One thing that annoys me is The Ring’s ratings. Looking at them it seems to me, that you award staying clear of defeat way too much compared to fighting the best and winning some and losing some. A fighter like J├╝rgen Br├ñhmer only fought one opponent in The Ring’s top 10 in all his career and lost (against Hugo Garay). Not impressive in a 16-year career. He fights often, but against third-rate opposition and always at home. When he was supposed to fight Nathan Cleverly – a credible opponent – he conveniently got an injury. Still he is ranked in the top-5 at light heavy.

Anderzej Fonfara beat Julio Cesar Ch├ívez Jr. and Gabriel Campillo and gives Adonis Stevenson a tough fight. Two of the fights on the road. Isaac Chilemba fights always on the road and has draws against Thomas Oosthuizen and Tony Bellew. How can they be rated below the master of home cooking? – James

I’m guessing that’s your nickname for Braehmer, not his. (It’s catchy, though. LOL.)

I agree that THE RING’s ratings sometimes favors veteran fighters who merely steer clear of losing rather than challenge themselves. Most ratings systems do this, come to think of it, especially when other ranked fighters are facing each other and losing in a particular division. I think Braehmer has gradually crept up the rankings over the past two-to-three years as other (then-rated) light heavyweights, such as Chad Dawson, Tavoris Cloud, Cleverly, Campillo, Bellew, Chilemba, and Karo Murat faced each other as well as the current top three – Stevenson, Sergey Kovalev and Bernard Hopkins – and took repeated “L”s and eventually dropped in (and out of) the top 10.

Where Braehmer should rank really depends on how much one values wins vs. losses vs. quality of opposition. The German veteran hasn’t lost in seven years, not since dropping a majority decision to Garay in November 2008, and he’s strung together 16 consecutive victories. Not bad. But then, as you noted, his opposition during that streak is not good.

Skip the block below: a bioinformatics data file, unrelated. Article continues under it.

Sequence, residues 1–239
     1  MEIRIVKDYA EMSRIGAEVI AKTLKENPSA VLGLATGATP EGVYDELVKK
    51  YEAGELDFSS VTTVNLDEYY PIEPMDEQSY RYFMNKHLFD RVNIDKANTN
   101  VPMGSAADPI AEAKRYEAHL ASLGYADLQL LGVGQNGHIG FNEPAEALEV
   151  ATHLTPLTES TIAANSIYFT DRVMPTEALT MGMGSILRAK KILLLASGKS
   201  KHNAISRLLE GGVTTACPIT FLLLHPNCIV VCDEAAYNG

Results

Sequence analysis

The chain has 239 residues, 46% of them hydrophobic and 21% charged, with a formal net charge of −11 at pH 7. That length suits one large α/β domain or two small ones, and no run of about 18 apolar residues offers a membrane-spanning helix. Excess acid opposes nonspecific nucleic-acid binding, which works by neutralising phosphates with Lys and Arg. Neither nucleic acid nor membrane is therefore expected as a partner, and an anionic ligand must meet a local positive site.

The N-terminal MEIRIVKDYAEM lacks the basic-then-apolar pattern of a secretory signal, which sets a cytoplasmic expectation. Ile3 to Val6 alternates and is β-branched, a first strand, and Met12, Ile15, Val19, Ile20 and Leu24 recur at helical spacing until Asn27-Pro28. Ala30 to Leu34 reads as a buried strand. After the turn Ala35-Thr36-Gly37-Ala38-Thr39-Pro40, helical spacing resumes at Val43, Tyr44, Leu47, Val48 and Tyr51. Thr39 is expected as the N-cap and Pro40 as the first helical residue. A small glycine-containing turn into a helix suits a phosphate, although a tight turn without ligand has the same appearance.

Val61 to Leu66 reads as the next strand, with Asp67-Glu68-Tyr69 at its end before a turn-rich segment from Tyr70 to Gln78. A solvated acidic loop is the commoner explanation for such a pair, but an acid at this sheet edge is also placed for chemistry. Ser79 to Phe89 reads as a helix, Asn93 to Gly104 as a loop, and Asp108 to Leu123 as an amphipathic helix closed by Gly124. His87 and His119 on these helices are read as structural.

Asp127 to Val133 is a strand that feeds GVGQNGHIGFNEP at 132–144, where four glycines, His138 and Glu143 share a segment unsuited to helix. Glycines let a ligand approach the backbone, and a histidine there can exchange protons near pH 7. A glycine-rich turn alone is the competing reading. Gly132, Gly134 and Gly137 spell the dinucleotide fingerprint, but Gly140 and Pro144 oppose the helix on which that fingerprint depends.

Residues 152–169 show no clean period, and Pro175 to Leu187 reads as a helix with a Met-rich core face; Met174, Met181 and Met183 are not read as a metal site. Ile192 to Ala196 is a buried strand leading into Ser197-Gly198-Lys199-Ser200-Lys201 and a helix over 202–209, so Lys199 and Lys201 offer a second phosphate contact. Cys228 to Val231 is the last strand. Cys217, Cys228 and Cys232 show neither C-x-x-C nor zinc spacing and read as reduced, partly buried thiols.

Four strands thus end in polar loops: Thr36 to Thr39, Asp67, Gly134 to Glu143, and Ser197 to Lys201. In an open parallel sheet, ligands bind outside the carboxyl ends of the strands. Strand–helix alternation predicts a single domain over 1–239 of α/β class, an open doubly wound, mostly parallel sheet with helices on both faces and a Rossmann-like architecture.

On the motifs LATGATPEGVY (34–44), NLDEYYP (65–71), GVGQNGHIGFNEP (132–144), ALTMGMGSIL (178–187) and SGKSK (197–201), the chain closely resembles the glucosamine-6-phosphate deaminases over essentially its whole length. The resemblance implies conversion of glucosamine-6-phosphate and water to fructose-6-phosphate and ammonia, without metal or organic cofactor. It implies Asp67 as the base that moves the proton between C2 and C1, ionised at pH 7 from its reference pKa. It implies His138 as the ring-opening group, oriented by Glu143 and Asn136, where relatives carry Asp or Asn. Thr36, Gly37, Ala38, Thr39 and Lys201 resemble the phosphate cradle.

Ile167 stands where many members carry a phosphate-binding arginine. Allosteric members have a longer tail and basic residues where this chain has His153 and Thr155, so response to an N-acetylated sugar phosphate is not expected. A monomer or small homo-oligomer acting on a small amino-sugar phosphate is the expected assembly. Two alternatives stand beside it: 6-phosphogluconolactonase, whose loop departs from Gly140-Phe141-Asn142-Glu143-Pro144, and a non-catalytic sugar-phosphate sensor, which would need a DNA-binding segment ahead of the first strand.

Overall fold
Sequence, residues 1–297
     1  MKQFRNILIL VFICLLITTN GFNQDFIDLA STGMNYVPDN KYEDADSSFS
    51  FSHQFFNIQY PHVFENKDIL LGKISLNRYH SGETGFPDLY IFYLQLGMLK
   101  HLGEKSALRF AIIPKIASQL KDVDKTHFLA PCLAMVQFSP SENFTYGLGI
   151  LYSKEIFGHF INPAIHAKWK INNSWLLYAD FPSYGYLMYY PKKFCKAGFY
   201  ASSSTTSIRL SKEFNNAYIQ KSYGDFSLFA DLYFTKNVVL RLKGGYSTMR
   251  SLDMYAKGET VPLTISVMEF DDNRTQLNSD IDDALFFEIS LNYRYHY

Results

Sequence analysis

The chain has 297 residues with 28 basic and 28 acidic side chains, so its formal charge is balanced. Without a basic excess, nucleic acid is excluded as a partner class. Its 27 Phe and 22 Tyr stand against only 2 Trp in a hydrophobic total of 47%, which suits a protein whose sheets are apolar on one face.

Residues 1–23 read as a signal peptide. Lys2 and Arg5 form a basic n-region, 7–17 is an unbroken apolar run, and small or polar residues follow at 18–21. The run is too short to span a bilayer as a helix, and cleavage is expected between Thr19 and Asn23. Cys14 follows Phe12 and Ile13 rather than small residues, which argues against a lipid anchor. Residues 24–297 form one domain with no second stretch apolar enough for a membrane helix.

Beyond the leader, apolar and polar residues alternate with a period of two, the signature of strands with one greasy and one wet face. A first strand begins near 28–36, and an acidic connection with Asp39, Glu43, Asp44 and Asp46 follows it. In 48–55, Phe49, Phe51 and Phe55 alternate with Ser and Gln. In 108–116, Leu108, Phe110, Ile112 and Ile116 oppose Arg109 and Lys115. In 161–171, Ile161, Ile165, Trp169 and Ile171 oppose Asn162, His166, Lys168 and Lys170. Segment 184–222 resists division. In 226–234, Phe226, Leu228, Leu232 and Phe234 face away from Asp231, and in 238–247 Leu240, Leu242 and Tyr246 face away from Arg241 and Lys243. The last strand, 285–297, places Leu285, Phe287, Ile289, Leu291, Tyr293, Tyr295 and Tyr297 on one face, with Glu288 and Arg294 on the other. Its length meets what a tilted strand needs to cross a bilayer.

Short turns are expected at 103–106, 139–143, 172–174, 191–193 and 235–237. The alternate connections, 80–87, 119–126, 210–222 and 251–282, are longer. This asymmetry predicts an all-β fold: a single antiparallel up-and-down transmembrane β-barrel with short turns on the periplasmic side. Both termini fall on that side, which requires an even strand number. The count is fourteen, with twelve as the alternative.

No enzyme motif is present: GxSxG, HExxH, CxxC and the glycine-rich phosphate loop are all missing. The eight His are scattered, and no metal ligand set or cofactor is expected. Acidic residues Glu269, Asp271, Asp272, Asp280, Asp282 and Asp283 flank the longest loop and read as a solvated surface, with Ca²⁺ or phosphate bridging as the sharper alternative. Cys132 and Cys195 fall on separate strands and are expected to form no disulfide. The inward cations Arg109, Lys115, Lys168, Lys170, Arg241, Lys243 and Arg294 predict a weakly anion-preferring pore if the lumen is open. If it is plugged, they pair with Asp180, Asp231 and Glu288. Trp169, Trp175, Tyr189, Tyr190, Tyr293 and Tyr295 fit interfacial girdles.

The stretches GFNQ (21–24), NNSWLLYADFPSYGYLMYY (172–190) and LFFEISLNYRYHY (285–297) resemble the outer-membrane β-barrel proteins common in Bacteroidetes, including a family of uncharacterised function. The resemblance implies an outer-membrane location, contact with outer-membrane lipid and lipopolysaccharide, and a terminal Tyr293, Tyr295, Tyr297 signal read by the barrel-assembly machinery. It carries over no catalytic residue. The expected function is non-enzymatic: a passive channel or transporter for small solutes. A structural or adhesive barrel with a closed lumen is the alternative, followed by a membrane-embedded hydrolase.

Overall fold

For the record, I agree that THE RING has Braehmer a little too high in the 175-pound rankings at No. 4 (ahead of Eleider Alvarez, Chilemba, Artur Beterbiev, Fonfara, Yunieski Gonzalez and Oosthuizen).

But I’ll also point out that’s Dan Rafael ranks the “Master of Home-Cooking” at No. 5 (ahead of Fonfara, Beterbiev, Gonzalez, Murat and Chilemba).

And the venerable TBRB also rates the 36-year-old southpaw at No. 5 (ahead of Beterbiev, Y-Gon, Alvarez, Chilemba and Tommy Karpency).

This doesn’t mean that THE RING’s Ratings Panel shouldn’t consider the quality of opposition more when assessing rankings placement. I think the Panel usually keeps this in mind, but like I said, some lucky ducks sometimes creep their way up via process of elimination and we should keep our eyes out for that. I copied this email and sent it out to the Panel yesterday as a reminder.

Anyway, you asked for my take on the Floyd Mayweather-Andre Berto fight. Well, here we are, it’s fight week and I still have no take on the fight. In fact, I don’t even like calling it a “fight.” I view it as an exhibition.

Has Mayweather gone from Fight of the Century to Mismatch of the Century?

There’s probably been a couple high-profile mismatches grosser than this one since 2010, but Mayweather-Berto has got to be the most expensive mismatch in boxing history. (Mike Tyson-Peter McNeeley comes close, although in Iron Mike’s defense, he was coming off a lengthy jail stint and more than four years of inactivity; while Mayweather is supposedly on top of his game and coming of the so-called Fight of the Century).

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When was the last time boxing’s pound-for-pound No. 1 fighter fought such an underdog? Probably when Tyson defended his heavyweight titles against James “Buster” Douglas back in 1990.

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So take heart Berto fans! Miracles do happen in boxing.



Hi Doug,

I understand that The Ring Magazine and RingTV both recognize and regard Miguel Cotto as the “linear” world middleweight champion (or RING champion) but what I really don’t understand is how the same publication that bestows this status on Cotto can designate Gennady Golovkin as the “Old School 8” middleweight champion of the world according to yourself and Michael Rosenthal. Flipping through the latest issue, the ratings tells me Cotto is the real world middleweight champion and then the next page tells me it’s Golovkin.